Articles | Volume 6, issue 4
31 Aug 2002
31 Aug 2002

Spatio-temporal development of streamflow droughts in north-west Europe

M. D. Zaidman, H. G. Rees, and A. R. Young

Abstract. This paper examines the spatial and temporal development of streamflow droughts in Europe over the last 40 years, differentiating the climatic factors that drive drought formation from catchment controls on drought manifestation. A novel approach for quantifying and comparing streamflow and precipitation depletion is presented. This approach considers atypical flow or rainfall events, as well as more severe droughts, regardless of the season in which they occur (although unlikely to constitute drought in an operational sense, sustained atypical flows are important with regard to understanding how droughts arise and develop).
The amount of flow depletion is quantified at daily resolution based on the standardised departure from the mean day d flow, or flow anomaly. The index was derived for 2780 gauging points within north-west Europe using data from the FRIEND European Water Archive for the 1960-1995 period. Using a simple interpolation procedure these data were used to produce a time-series of grids, with a cell size of 18 km2, showing the spatial distribution of flow anomaly over the study area. A similar approach was used to characterise monthly precipitation anomalies, based on existing grid data (see New et al., 2000). The grids were analysed chronologically to examine the spatial and temporal coherency of areas showing large flow and/or precipitation anomalies, focussing on drought development during the 1975-1976 and 1989-1990 periods. Using a threshold approach, in which an anomaly of 2 standard deviations represents the onset of drought conditions, indices were developed to describe the time-varying extent and areal-severity (flow deficit) of streamflow and precipitation drought. Similar indices were used to describe how the magnitude and temporal variation of flow depletion varied spatially.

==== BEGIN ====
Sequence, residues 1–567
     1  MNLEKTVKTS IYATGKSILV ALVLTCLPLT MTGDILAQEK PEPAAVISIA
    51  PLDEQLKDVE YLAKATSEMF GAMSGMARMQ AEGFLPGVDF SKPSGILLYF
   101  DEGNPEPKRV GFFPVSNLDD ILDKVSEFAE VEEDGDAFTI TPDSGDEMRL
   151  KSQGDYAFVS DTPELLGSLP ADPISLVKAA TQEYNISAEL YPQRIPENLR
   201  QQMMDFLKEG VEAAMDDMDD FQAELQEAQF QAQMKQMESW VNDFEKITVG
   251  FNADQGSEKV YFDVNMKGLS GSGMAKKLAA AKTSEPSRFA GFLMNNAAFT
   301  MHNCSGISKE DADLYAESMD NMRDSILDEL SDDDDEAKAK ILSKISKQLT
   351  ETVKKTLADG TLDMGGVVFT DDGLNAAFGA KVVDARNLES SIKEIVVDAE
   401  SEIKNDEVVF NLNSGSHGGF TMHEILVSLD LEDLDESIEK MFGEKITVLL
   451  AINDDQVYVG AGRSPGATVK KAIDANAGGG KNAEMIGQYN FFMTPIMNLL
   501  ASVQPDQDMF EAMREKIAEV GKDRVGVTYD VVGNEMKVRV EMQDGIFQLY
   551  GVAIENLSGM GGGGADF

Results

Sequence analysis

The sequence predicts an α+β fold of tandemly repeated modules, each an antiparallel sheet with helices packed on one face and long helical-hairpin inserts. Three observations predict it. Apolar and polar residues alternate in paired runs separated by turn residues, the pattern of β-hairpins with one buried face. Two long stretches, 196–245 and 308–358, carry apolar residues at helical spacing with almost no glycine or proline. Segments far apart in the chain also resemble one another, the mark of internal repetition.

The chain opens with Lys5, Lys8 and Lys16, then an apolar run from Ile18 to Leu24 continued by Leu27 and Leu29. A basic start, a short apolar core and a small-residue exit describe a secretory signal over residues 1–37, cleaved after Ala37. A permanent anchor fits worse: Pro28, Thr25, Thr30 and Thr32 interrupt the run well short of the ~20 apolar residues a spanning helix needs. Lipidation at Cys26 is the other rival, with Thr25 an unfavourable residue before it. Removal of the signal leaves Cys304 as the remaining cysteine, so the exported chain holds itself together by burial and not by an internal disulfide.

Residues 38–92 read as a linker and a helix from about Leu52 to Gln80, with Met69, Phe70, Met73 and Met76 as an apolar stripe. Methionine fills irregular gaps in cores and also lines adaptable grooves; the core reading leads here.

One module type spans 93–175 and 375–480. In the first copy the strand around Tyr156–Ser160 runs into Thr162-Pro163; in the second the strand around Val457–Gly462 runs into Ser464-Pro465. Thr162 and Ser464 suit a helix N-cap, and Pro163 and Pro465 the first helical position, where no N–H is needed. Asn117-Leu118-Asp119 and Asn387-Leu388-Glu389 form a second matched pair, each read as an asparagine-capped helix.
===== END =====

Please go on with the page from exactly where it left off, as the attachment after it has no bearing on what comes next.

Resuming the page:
In terms of streamflow depletion, the 1976 drought was found to be a highly coherent event, having a well defined start (in January 1976) and end (in September 1976). The worst and most persistent streamflow droughts occurred in southern England and northern France. Central parts of Europe experienced only severe streamflow depletion during the ‘height’ of the drought in June, July and August when there was negligible precipitation across large areas of Europe. In contrast, the 1989/90 period was characterised by a series of shorter and less severe droughts, with much greater variability over time. The relationship between precipitation drought and streamflow drought was less clear, which might have resulted from periods of precipitation depletion occurring randomly in time. Particularly high levels of streamflow drought were again observed in southern England and northern France.
Several possible explanations for the increased drought occurrence over southern England and northern France were investigated using data from the 1976 event. However, immediately antecedent precipitation deficits could not explain the level of streamflow depletion which appears to have been enhanced by decreased discharge of groundwater into the river networks in this region. This can probably be attributed to large precipitation deficits during autumn 1975 and spring 1976: the consequent reduction in groundwater recharge ultimately led to depressed groundwater levels.

Keywords: drought, streamflow depletion, streamflow drought, low-flow regimes, Drought Index